The Cooperative of American Physicians (CAP) frequently receives calls from physicians asking about the process for terminating a patient relationship. We also frequently receive calls from physicians inquiring about their responsibility when it is the patient who initiates the termination.
A physician is required to follow specific steps when discharging or terminating a patient from their practice to avoid allegations of abandonment. However, a patient is not obligated to follow any formal protocol when they decide to end the relationship. They may provide formal, informal, or no notice of their intention to leave your practice. Although it is important to respect the patient’s decision to leave, we recommend, if possible, communicating with the patient to determine their reason for parting ways.
You may learn that their decision was made in response to a real or perceived problem in your office. This realization could provide you with an opportunity to mitigate the problem, salvage the relationship, and avoid similar problems in the future.
In his article, When Patients Leave: Why They Fire the Doctor, Steward Gandoff notes, “Surveys among patients point mainly to complaints about patient satisfaction. Generally, patients found fault with communications, long wait times, practice staff professionalism, and to a lesser degree, issues of billing. Service is the primary reason that patients leave.”¹
Patients may also leave a practice because of personality styles or because their health insurance changed and does not include the practice as a provider.
Regardless of the reason for ending the relationship, it is important, if possible, to assist with a transfer of care.
In his article, Patient-Initiated Terminations, Edward Richards, LSU Law Center, writes, “Unfortunately, patients sometimes stop coming before they are fully recovered from the acute condition that brought them to the physician. When this happens, the physician must make some effort to determine whether the patient is knowingly forgoing further care, has found another physician, or is staying away out of ignorance or a misunderstanding of the physician’s instructions . . . If the patient has not made arrangements for care, the physician should reiterate the need for care and offer to help the patient find a new physician. These efforts will help ensure that the patient receives proper care. If, despite the physician’s efforts, the patient does not follow through in seeking proper care, there will be evidence that the original physician made a good-faith effort to help the patient.”²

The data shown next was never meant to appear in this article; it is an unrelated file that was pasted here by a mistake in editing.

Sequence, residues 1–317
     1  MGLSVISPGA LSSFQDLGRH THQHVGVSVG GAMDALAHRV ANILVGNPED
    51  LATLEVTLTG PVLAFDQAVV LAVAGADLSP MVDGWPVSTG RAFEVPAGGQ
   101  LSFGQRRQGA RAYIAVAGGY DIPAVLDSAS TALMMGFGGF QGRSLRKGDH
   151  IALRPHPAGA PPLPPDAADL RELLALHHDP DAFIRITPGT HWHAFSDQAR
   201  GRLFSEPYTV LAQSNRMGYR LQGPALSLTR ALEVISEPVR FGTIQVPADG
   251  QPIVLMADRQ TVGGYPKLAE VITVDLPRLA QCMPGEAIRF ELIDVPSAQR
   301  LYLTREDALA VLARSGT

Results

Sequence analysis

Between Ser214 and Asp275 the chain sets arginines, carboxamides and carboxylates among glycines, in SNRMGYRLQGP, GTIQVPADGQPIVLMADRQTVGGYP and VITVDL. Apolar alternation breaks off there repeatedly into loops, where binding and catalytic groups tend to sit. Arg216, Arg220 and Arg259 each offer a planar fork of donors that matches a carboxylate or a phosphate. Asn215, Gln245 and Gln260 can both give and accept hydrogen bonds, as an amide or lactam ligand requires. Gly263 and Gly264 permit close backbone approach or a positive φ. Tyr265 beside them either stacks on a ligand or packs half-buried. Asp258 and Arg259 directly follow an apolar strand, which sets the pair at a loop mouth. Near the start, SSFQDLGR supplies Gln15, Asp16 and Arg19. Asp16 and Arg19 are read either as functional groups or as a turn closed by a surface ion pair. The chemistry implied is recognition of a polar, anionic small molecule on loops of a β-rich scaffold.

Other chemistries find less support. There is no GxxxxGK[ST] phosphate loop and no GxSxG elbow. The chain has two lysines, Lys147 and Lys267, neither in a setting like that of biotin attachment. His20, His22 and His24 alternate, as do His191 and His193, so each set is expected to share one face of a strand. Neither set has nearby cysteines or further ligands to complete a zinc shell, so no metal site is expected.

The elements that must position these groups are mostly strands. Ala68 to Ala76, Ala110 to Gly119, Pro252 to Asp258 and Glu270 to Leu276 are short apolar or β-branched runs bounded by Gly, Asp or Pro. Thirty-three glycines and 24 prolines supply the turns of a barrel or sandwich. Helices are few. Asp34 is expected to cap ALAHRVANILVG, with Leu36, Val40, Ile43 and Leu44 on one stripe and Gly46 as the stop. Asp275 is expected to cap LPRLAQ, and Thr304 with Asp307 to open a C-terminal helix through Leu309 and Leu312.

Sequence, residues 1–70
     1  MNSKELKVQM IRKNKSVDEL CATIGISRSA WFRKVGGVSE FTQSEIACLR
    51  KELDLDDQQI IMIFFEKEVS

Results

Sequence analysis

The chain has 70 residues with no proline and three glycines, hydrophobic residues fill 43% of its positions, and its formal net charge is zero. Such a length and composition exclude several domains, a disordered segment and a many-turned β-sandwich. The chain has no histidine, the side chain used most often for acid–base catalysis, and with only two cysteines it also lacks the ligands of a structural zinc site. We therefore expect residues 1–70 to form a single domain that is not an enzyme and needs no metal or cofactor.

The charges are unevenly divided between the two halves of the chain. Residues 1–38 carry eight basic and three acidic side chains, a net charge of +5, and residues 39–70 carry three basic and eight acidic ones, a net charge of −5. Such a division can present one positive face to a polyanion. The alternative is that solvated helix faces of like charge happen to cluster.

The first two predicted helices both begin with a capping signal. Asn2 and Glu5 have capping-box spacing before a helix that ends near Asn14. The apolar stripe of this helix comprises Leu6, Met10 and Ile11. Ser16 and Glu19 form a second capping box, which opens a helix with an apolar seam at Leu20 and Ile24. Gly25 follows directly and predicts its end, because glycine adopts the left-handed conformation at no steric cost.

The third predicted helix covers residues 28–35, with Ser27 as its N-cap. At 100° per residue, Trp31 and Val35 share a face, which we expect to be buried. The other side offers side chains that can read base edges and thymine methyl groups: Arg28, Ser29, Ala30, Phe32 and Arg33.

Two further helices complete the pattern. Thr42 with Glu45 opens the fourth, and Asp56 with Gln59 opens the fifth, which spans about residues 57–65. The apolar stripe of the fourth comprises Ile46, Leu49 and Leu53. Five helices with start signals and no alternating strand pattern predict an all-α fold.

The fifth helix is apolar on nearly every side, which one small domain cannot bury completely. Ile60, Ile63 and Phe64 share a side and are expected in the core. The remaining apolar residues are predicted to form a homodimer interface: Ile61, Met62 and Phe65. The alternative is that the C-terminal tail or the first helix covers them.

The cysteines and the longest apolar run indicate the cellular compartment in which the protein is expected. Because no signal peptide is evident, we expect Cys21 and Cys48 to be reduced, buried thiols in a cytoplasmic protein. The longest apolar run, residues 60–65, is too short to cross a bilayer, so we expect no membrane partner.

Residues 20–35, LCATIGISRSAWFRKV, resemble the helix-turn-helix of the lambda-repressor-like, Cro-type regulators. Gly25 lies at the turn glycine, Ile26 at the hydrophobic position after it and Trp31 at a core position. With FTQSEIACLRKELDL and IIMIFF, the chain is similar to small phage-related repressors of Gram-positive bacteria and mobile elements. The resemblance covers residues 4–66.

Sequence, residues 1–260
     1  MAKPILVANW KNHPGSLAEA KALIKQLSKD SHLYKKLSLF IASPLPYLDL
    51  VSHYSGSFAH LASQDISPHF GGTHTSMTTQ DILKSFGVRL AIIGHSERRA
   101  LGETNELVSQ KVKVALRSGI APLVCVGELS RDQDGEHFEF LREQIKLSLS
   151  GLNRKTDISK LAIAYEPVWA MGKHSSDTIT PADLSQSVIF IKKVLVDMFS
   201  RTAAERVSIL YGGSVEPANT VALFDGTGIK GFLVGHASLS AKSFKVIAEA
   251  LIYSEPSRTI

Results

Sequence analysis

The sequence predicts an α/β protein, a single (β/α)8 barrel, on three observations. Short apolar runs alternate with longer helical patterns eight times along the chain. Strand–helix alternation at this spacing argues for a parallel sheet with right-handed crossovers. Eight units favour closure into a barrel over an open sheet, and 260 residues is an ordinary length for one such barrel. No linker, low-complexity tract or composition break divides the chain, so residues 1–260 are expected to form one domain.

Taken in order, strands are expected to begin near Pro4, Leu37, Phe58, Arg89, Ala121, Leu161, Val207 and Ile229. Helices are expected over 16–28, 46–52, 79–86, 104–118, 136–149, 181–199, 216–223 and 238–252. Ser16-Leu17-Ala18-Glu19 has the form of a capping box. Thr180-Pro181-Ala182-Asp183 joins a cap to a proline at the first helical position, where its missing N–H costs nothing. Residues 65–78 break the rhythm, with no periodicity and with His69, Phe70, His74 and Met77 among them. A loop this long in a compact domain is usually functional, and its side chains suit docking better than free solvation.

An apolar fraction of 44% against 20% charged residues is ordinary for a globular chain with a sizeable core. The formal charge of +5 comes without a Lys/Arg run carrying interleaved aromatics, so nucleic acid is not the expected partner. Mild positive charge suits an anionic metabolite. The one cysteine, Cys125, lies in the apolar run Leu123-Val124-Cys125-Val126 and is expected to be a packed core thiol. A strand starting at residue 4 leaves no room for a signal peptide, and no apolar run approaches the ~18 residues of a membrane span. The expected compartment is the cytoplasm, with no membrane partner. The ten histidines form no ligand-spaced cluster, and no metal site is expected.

To reduce your liability exposure when a patient voluntarily chooses to leave your practice and promote a positive outcome for you and your patient, consider the following risk reduction strategies:
Be professional in all interactions with the patient and maintain confidentiality.
If possible, confirm the patient’s conscious decision to leave your practice and discuss why.
You may be able to clarify a misunderstanding so the patient remains with your practice.
The feedback may assist you in improving your practice to avoid other patients leaving for the same reason(s).
Send letter(s) to the patient 1) confirming that the patient has terminated the relationship; 2) emphasizing the need for follow-up care; and 3) where possible, referring the patient to other sources of care.³ If known, document the reason that the patient chose to leave and any discussions to confirm the date of termination.
For high-risk patients, send letters by both certified and regular mail detailing why treatment(s) and medication(s) are recommended, the consequences of not adhering to the regimen, and the importance of following up in a timely manner.
For other patients, send letter by regular mail indicating the ongoing need for treatment and consequences of not following up.
Include an authorization form for Release of Medical Records with each letter.
Document any discussions you or your staff had with the patient in the medical record.
Review the patient’s insurance to determine any contractual obligations relating to termination of physician-patient relationship, e.g., notifying an HMO.
Dona Constantine is a Senior Risk Management & Patient Safety Specialist. Questions or comments related to this article should be directed to DConstantine@CAPphysicians.com.
¹Stewart Gandolf, When Patients Leave: Why They Fire the Doctor, Healthcare Success Blog, accessed 1/19/2024,
²Edward Richards, Patient-Initiated Terminations, p.1, Public Health Law Map- Beta 5.7, LSU Law Center, 2009 https://biotech.law.lsu.edu/map/index.htm
³Gandolf, When Patients Leave: Why They Fire the Doctor